Why the energies of orbitals in the same subshell decrease with increase of atomic number? For eg., energy of 2s orbital of hydrogen atom is greater than energy of 2s orbital of lithium atom. What is the reason?

  • $\begingroup$ Hydrogen doesn't have a '2s orbital' or a 2s subshell. It only has a single s orbital in the 1s subshell. $\endgroup$ – user60221 Apr 29 '18 at 15:26
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    $\begingroup$ @KianStevens an excited state of hydrogen can have the electron promoted to the 2s orbital. $\endgroup$ – Tyberius Apr 29 '18 at 16:03
  • $\begingroup$ @Tyberius Maybe so. I wasn't on about excited states however. $\endgroup$ – user60221 Apr 29 '18 at 16:13
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    $\begingroup$ @KianStevens I guess my point is just that, whether experimentally or through the Schrodinger equation, you can measure the energy of other orbitals of hydrogen. In some sense, hydrogen is the only atom that has a 2s orbital. $\endgroup$ – Tyberius Apr 29 '18 at 16:35
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    $\begingroup$ I think the point is that the atom "has" a 2s orbital, but in the ground state there's just no electron in that state. $\endgroup$ – Mark Wolfman Apr 30 '18 at 0:12

Short answer: more protons in the nucleus means higher nuclear charge which means stronger attraction between the electron and the nucleus.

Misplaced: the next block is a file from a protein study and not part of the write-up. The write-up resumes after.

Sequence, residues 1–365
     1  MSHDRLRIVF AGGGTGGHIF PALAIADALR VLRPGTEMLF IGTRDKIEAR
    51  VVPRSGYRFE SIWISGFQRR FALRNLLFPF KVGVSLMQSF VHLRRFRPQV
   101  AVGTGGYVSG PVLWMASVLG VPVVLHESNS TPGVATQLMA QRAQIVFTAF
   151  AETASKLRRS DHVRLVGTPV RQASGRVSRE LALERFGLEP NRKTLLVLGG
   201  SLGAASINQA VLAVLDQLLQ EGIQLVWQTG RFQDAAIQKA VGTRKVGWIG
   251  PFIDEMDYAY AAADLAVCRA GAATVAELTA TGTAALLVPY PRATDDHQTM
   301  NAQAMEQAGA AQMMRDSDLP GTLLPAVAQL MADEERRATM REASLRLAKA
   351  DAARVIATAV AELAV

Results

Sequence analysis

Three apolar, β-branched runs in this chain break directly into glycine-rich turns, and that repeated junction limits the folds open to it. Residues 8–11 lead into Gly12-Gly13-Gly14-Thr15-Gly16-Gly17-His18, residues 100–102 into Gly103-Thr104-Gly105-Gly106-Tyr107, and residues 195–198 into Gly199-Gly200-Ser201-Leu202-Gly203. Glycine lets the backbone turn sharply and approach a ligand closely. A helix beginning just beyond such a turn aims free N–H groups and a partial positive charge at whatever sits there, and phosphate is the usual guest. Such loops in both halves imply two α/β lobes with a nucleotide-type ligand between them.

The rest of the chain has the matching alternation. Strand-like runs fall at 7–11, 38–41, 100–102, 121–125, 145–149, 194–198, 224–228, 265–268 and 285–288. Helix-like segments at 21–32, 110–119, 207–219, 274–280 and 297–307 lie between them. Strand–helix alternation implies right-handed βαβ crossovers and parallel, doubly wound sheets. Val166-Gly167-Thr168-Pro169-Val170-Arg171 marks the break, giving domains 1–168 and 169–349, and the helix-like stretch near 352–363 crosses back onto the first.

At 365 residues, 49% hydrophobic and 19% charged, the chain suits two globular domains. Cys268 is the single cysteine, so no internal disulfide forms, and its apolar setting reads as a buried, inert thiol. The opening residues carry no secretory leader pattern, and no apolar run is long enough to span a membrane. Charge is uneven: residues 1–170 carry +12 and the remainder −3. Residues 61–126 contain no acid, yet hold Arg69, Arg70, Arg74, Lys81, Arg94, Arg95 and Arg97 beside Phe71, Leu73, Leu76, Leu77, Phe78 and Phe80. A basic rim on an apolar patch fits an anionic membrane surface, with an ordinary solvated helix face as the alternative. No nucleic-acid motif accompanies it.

Long answer: The energy of the orbital is driven by the Hamiltonian operator $\hat{H} = \hat{T} + \hat{V}$ where $\hat{V}$ is the potential energy. For a simple 1-electron atom/ion, the potential energy is the electrostatic attraction between the positively charged nucleus $Q$ and the negative electron $q$: $V = \frac{1}{4\pi\epsilon_0} \frac{Qq}{r}$. Lithium has 3 protons in the nucleus versus the 1 proton for hydrogen, so $Q$ is three times higher and the potential energy of the 1s orbital in $\ce{Li^{2+}}$ is roughly three times more negative than the 1s orbital in $\ce{H}$ (remember $q$ is negative).

If you have more than one electron, the potential energy becomes more complicated because you have to include the electrostatic repulsion from all the other electrons as well, but the general trend still holds, all else being equal.


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